Women’s Cancer Screenings for 30s, 40s, 50s, and Beyond

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Sarita H. Prajapati, MD
Cancer screening tools in general are either tests or procedures that men and women can do at different ages and at different times that are designed to find either cancer or precursors to cancer at an early enough time where intervening actually makes a huge difference. I do think it's important to have awareness of your own body when it comes to overall health in general, and then specifically, with cancer screening. I think it is so important to know family history, because that might make a difference for your health, for your screening, for anything that we might recommend for you.

What I often want my patients to do is control the stuff that you can, because you can't control your genetics. You can't control your risk as you age. But you can control yourself. So keep working on quitting smoking. Keep working on getting to a healthy weight. It matters over time.

If we look at cancer screening in general across a woman's life, for most individuals that process is going to start when they're in their 20s. So at the age of 21, that individual will actually start cervical cancer screening. And she'll do that about every three years at that point.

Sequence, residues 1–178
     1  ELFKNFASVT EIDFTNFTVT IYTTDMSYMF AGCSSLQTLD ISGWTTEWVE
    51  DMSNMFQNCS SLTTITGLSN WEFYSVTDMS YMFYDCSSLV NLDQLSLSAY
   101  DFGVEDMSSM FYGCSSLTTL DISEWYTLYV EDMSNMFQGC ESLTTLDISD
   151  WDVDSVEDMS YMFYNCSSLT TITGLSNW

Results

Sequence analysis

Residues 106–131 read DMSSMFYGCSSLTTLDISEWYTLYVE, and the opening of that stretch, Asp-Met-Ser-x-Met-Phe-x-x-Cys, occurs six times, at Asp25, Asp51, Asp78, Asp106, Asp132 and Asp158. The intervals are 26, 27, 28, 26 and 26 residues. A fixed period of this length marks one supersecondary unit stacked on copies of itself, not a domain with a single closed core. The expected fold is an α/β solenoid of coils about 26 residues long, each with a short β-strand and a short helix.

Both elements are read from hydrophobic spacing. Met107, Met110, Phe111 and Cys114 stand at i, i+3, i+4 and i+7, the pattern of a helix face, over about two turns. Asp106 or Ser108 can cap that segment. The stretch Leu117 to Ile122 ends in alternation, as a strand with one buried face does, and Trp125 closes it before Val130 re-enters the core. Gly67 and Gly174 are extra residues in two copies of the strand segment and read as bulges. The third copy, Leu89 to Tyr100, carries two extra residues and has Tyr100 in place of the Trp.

Body awareness is important, so noticing any changes in your skin, in the breast tissue, or any body part for that matter is going to be important going forward.

Once you hit your 40s, you still continue cervical cancer screening every three to five years. But now we start to have a discussion about breast cancer screening using mammography. So that piece is then new between your 30s and your 40s.

As women hit their 50s, cervical cancer screening is still important. Breast cancer screening is also still important. Colon cancer screening is added at that point. And if we use the example of screening colonoscopies, that's going to be once every decade.

For women who have an extensive smoking history, once they reach their mid-50s, those patients may be candidates for lung cancer screening with a low-dose CT scan done through the lungs once a year.

If we then fast forward here to your 60s, we can actually take out some of that cervical cancer screening, because if they've been normal and there's not been any changes, you can actually stop doing that in your mid-60s. But you still continue breast cancer screening with mammography and breast exams. You still do colon cancer screening with something like a screening colonoscopy.

For overall cancer screening for women in their 70s, several of the options that we've discussed earlier are actually still in play. So breast cancer screening is still an important discussion to have, and colon cancer screenings are.

The question at that point becomes whether that patient or that specific individual wants to continue screening or not, because it matters what they may end up doing with that information or what their other health history is. The rate of other health conditions is obviously higher once you're in your 70s than it is when you're in your 20s.

The whole premise behind doing cancer screening is to make a difference in that patient's life. If you can find it early enough, before either anybody has symptoms or it's had a chance to spread, that treatment is much easier and much quicker, much less painful, and they'll still have great quality of life once treatment is complete.